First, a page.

|Practicality of functional and logic languages? email@example.com (Mirek Benes) (1993-01-11)|
|Re: Practicality of functional and logic languages? firstname.lastname@example.org (1993-01-12)|
|Re: Practicality of functional and logic languages? email@example.com (1993-01-12)|
|Re: Practicality of functional and logic languages? firstname.lastname@example.org (1993-01-12)|
|Re: Practicality of functional and logic languages? email@example.com (1993-01-13)|
|Re: Practicality of functional and logic languages? firstname.lastname@example.org (1993-01-13)|
|Practicality of functional and logic languages? email@example.com (1993-01-14)|
|Re: Practicality of functional and logic languages? nickh@CS.CMU.EDU (1993-01-14)|
|[4 later articles]|
|From:||firstname.lastname@example.org (Jonathan Eifrig)|
|Organization:||The Johns Hopkins University CS Department|
|Date:||Tue, 12 Jan 1993 00:43:17 GMT|
Mirek Benes <email@example.com> writes:
>I would like to know some opinions concerning functional and logic
>programming languages (Haskell, Miranda, ML / Prolog) and their practical
>usability for programming:
>* Are they (1) toys for playful programmers, (2) something usable only
> at universities for never-ending research, or (3) important means for
> development of usable software products?
Hoo boy! Sounds like flame bait to me! :-)
"Yes, Virginia, there is a Santa Claus," or in this case practical
uses for "non-procedural" languages:
1) Most expert system shells that I've seen have been written in
Lisp. Now, Common Lisp is a "functional language" only in the
broadest possible interpretation of the definition, but since
it supports first-class function abstractions it certainly isn't
a "procedural language."
2) I know of at least two financial brokerage houses that use
Smalltalk extensively for financial and economic simulations.
Granted, Smalltalk isn't an example of either a functional or
a logic programming language, but the fact remains that people
sometimes _do_ use goofy programming languages in certain
3) The Japanese tried to use Prolog as the basis for their much-
ballyhooed "Forth Generation Computer" project. Granted, this
never really got anywhere, but, hey, they tried! :-)
4) ML wasn't originally intended as a general-purpose programming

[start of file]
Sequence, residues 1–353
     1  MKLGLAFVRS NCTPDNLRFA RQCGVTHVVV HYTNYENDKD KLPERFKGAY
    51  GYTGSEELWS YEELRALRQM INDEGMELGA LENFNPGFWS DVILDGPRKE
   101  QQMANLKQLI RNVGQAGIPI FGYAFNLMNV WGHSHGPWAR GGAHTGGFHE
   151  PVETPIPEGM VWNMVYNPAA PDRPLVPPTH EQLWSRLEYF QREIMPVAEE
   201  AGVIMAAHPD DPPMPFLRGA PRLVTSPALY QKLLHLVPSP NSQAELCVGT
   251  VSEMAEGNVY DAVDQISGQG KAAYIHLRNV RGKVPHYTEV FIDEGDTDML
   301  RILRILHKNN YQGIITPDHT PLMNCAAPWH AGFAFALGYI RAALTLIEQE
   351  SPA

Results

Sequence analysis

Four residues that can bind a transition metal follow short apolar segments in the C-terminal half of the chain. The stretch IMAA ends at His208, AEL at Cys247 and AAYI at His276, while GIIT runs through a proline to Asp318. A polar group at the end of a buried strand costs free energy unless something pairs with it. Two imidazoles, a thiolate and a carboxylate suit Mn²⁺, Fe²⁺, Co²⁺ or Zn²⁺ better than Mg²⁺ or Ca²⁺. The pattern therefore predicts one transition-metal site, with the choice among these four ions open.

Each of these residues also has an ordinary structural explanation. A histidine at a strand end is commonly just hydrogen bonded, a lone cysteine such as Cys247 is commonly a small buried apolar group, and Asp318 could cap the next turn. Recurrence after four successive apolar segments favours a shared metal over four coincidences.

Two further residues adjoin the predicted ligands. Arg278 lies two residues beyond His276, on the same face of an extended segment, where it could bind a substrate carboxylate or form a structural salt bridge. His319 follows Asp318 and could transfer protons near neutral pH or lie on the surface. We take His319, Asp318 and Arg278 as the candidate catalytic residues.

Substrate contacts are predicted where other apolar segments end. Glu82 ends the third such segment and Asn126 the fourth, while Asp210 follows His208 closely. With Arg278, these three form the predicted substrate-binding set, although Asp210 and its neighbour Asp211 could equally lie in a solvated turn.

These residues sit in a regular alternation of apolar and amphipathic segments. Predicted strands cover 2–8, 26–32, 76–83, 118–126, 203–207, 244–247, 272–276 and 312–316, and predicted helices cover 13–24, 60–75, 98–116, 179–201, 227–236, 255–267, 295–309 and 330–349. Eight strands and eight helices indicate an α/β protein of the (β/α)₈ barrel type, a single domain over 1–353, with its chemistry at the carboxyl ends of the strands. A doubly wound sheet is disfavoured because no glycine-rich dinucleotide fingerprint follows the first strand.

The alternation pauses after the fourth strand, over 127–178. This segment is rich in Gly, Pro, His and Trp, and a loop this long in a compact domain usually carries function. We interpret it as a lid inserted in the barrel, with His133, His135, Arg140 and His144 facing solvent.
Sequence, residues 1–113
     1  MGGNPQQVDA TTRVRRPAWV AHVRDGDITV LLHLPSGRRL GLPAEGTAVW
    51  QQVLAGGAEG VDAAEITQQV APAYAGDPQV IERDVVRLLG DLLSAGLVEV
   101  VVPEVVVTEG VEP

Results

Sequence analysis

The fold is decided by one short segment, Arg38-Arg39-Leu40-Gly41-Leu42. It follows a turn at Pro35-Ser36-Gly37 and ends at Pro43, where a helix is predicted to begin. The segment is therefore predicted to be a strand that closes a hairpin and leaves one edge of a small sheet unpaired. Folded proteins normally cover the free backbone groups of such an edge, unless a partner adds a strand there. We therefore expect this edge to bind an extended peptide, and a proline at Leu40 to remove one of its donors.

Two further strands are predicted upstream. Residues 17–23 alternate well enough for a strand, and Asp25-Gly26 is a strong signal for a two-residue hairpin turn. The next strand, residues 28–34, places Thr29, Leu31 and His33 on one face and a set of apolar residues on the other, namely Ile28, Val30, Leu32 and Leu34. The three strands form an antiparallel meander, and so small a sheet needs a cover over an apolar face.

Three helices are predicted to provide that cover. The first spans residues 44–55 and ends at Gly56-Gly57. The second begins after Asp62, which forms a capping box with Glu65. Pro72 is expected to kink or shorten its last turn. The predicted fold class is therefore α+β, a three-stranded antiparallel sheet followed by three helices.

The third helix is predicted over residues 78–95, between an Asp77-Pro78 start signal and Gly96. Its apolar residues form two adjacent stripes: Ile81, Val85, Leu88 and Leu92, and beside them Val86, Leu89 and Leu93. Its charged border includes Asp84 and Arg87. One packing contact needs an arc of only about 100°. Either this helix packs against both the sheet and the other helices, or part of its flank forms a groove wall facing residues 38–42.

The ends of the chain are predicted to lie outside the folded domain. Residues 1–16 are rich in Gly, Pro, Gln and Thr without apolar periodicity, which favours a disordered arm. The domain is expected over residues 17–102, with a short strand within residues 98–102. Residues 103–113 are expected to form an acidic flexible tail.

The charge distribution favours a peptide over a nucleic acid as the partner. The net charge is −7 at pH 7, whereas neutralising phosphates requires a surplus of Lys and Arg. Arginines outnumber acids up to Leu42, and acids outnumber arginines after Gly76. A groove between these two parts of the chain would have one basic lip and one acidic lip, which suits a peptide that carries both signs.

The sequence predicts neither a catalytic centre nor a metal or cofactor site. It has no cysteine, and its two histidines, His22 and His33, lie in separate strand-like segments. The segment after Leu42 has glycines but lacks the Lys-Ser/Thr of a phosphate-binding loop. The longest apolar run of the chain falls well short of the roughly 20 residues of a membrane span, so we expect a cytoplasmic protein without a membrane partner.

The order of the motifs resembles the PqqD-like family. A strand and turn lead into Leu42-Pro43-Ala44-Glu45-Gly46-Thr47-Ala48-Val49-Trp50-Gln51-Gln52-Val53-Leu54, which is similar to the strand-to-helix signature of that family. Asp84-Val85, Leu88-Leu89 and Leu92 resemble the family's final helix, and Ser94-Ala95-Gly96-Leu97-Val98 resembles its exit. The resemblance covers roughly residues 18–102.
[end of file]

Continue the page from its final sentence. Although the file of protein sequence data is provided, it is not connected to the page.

language _per_se_, but rather as the metaprogramming language
for the PCF theorem-prover. As such, it was used as a _tool_
for some very interesting programs. Currently, Isabelle, a
very interesting theorem-prover, is written completely in ML.
5) The SML/NJ compiler, the _de_facto_ standard implementation of
ML in the United States, is written almost completely in ML
itself (with a few bits of C code for the garbage collector
and other run-time junk.) While this of course seems a little
incestuous, the compiler was written in ML precisely _to_
demonstrate the feasiblity of writing very large programs within
ML. By any metric, the SML/NJ compiler has to be considered
an important example of a "useable software product."
I think the jury is still out with respect to which features of
these more experimental languages are going to migrate to more mainstream
languages; that is, after all, the purpose of research! However, I think
it's very safe to say that the following language features will be showing
up in more "mainstream" use in the near future:
1) A garbage-collected heap for non-system programming tasks. It's
just too hard for programmers to keep track of the necessary
extent of persistent data structures in large systems.
2) User-defined recursive data structures, along the lines of
ML's "datatype" declarations. This, along with the related
notion of function-definition-via-pattern-matching, is simply
too elegant and expressive to not catch on. Tree-oriented
algorithms are so easy to implement and understand when one
doesn't need to fool around with pointers explicitly.
3) Some sort of parametric polymorphism in code modules. The
future is still murky in this area, especially with respect to
the combination of reference cells and polymorphism, but
you're certainly going to see more than just Ada's generic
packages in the future.
Jack Eifrig (firstname.lastname@example.org) The Johns Hopkins University, C.S. Dept.
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